The recorded variations in stream discharge over time. Useful when comparing effects and changes in stream flow and depth between average natural conditions and altered stream flows (i.e., from dams and diversions).
Regime The pattern and volume of river or stream flow throughout the course of a year.
A young fish or animal that has not reached sexual maturity.
The science of the properties of fresh water including water chemistry, density, stratification and physical effects on living organisms.
A fish that is sexually mature and capable of producing eggs or sperm.
Detailed description of where an animal lives.
Sequences The pattern or order of mtDNA which is the circular or linear DNA of the mitochondria. It codes for only a small but essential part of the mitochondrial proteins and for other specific genes.
A subunit of DNA or RNA consisting of a nitrogenous base (adenine, guanine, thymine, or cytosine in DNA; adenine, guanine, uracil, or cytosine in RNA), a phosphate molecule, and a sugar molecule (deoxyribose in DNA and ribose in RNA). Thousands of nucleotides are linked to form a DNA or RNA molecule.
The way nutrients are used and reused, over time and distance, in a biological system.
Same as STOCK.
Population Dynamics Model
A mathematical description of a population that is designed to fully simulate the life cycle of animals in that population, and that has the ability to project relative effects of different environmental effects or biological characteristics of these animals.
When the constituent populations of naturally produced fish belonging to an endangered population unit are sufficiently abundant, productive and diverse in terms of life histories and distribution that the listed unit as a whole will be "self-sustaining" into the future.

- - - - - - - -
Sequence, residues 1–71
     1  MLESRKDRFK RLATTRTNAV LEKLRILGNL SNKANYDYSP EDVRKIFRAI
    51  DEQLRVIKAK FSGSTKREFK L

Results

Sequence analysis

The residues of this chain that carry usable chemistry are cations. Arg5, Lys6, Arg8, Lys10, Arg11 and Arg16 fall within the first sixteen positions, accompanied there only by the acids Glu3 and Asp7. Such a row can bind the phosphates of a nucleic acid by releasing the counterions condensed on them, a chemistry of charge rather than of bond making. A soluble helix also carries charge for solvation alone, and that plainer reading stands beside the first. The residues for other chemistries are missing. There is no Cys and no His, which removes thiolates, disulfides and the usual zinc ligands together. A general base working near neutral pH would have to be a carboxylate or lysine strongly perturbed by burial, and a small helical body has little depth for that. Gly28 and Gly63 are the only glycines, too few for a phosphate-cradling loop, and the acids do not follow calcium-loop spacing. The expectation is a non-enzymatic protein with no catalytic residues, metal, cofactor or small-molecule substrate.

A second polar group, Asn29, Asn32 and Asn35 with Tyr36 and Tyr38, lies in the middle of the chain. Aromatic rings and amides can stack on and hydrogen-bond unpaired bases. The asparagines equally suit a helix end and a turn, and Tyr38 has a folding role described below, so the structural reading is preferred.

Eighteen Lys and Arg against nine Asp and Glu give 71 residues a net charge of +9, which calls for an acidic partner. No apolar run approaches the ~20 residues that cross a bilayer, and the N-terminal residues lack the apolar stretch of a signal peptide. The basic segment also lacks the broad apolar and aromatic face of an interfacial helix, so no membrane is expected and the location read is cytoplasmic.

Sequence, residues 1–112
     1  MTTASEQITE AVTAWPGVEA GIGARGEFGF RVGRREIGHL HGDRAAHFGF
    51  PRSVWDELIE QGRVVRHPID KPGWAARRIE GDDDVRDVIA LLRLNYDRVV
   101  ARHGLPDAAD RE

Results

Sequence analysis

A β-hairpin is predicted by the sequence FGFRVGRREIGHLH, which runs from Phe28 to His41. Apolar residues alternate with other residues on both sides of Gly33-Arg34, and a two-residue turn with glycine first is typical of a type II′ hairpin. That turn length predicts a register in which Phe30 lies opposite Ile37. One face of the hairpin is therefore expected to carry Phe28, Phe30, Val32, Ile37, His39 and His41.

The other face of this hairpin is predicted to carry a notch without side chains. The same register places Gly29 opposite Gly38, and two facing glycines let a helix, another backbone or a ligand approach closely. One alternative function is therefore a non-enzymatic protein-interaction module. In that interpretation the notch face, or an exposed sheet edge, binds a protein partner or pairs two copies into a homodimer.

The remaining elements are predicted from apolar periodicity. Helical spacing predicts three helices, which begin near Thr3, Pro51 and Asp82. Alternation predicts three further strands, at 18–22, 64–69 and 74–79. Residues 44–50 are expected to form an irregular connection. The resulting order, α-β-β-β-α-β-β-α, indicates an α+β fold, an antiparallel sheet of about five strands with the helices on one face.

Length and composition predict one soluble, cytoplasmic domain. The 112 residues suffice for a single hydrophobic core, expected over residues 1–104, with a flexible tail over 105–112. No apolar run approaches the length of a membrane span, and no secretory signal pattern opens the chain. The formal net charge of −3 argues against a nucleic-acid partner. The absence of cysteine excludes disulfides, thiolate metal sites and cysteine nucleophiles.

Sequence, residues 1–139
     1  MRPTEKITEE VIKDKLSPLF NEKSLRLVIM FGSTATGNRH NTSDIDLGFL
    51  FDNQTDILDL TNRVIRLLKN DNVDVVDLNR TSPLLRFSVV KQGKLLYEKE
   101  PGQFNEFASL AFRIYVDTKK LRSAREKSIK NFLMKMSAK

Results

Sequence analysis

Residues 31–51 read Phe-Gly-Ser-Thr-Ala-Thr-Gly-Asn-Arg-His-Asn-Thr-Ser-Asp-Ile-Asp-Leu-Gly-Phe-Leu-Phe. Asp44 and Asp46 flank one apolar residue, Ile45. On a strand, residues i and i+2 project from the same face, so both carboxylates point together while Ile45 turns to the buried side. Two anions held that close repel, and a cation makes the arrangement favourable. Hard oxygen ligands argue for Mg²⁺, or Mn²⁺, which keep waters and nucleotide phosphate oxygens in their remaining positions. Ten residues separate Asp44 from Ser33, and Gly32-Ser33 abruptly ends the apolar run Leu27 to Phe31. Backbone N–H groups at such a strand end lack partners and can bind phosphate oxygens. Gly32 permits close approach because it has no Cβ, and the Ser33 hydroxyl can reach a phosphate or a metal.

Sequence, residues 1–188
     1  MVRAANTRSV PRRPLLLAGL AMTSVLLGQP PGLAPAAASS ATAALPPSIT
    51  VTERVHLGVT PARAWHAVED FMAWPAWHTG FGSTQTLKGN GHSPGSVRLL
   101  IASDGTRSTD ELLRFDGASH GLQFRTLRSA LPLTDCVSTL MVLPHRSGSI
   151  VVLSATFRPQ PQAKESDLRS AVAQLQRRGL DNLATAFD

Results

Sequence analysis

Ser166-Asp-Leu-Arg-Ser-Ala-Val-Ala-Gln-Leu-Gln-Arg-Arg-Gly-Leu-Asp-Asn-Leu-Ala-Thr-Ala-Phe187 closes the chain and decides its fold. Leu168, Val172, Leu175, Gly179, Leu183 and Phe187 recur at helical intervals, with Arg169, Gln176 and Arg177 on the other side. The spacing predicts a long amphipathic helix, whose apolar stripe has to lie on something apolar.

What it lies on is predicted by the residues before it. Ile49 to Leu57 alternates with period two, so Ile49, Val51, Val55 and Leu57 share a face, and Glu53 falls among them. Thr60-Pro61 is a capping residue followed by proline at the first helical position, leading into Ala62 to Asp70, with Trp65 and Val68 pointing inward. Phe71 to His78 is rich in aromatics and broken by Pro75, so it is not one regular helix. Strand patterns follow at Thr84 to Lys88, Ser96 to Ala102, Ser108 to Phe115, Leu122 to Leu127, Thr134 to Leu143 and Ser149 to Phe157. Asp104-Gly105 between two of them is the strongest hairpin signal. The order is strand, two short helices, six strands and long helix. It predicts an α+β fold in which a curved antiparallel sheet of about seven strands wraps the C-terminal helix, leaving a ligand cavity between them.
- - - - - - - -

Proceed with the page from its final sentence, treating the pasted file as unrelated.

A situation where a population is not able to naturally produce viable off-spring as a consequence of physical (e.g., blocked access to spawning areas, siltation of spawning areas, etc.) or biological (e.g., inadequate numbers of fish, reproductive senescence, etc.) factors.
Survival of juveniles until they become a member of the spawning population.
A comparison of the number in one category to another (e.g., number of one species to another, male to female, young to old, etc.). Typically expressed as a percentage or proportion.
Removing water from a reservoir and lowering the surface water elevation.
A group of individuals that have their major characteristics in common and (usually) can only breed with each other.
A grouping of fish usually based on genetic relationship, geographic distribution, and movement patterns. Also a managed unit of fish.
General health of a particular stock of fish in terms of numbers, age-class distribution, condition, distribution, and genetic diversity.
Total number of individuals, of all age classes, in a population.
A small stream or river, which enters and increases the volume of the receiving river, lake, or reservoir.
Any species (or stock) whose numbers are not so low as to be considered endangered but whose status is such that further reductions in habitat quality, numbers or size distribution may make them endangered.
All individuals of a fish population spawned and hatched in a given year.